Protoplanetary disk in the HD 142527 system (Image ALMA (ESO/NAOJ/NRAO), Kataoka et al.)

An article published in “The Astrophysical Journal Letters” describes a new research on young system HD 142527. The ALMA radio telescope had already been used in the past to study the protoplanetary disk around the star but this time an international team of astronomers led by Akimasa Kataoka measured with precision the size of the dust particles that form it.

Summary of the research on K2-3d (Image courtesy National Astronomical Observatory of Japan)

An article published in “The Astronomical Journal” describes a research on the exoplanet K2-3d. This is a super-Earth discovered using the Kepler space telescope. An international team of researchers added more data collected later by the Spitzer space telescope and the Okayama Astrophysical Observatory’s telescope to get a more accurate measurement of this potentially habitable planet’s orbital period.

Area around the Milky Way's center (Image courtesy Alex Mellinger)

An article published in the journal “Monthly Notices of the Royal Astronomical Society” describes the discovery of a new family of stars at the center of the Milky Way tha are unusually nitrogen-rich. A team of astronomers from the Liverpool John Moores University (LJMU) made this discovery working on the APOGEE (the Apache Point Observatory Galactic Evolution Experiment) project, which aims to collect infrared data of hundreds of thousands of stars in the Milky Way.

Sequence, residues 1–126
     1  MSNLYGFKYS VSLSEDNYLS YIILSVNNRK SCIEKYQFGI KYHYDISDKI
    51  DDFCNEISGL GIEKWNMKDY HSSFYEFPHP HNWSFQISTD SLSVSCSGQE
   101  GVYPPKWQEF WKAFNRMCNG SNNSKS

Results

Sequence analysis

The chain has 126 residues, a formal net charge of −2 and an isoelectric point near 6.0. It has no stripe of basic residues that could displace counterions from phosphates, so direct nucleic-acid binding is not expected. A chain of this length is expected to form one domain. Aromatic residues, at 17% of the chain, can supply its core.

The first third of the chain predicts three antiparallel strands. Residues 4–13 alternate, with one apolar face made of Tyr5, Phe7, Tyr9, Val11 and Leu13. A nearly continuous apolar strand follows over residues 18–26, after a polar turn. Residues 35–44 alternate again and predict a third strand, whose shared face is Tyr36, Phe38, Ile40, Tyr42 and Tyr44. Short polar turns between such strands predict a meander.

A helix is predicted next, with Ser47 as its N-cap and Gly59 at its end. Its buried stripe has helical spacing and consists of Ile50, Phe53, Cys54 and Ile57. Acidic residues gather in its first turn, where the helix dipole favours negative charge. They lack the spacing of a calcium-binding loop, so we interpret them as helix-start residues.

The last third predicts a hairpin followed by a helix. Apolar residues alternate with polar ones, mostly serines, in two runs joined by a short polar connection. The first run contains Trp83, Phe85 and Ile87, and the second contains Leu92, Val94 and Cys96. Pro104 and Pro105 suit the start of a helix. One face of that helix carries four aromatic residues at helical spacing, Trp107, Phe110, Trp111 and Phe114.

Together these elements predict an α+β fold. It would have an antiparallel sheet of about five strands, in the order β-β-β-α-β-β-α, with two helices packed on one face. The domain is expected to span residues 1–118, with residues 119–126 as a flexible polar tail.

Cygnus X-3 and little friend (Image X-ray: NASA/CXC/SAO/M.McCollough et al, Radio: ASIAA/SAO/SMA)

An article published in “The Astrophysical Journal Letters” describes a research on Cygnus X-3, a binary system consisting of a massive star slowly consumed by its companion, a black hole or a neutron star that is gas continuously taking gas away from it. A team of researchers used NASA’s Chandra X-ray Observatory and the Smithsonian’s Submillimeter Array (SMA) to detect the emissions generated from Cygnus X-3, reflected by a star-forming cloud.

Illustration of OGLE-2015-BLG-1319: in grey the data from ground-based telescopes, in blue the data from Swift and in red the data from Spitzer (Image NASA/JPL-Caltech)

An article published in “Astrophysical Journal” describes the study of a brown dwarf that orbits a K-type star that was possible thanks to a gravitational microlensing event. An international team of astronomers used NASA’s Swift and Spitzer space telescopes to take advantage of that event, cataloged as OGLE-2015-BLG-1319, at a distance from its star that at which few of those objects were found, hence the name brown dwarf desert.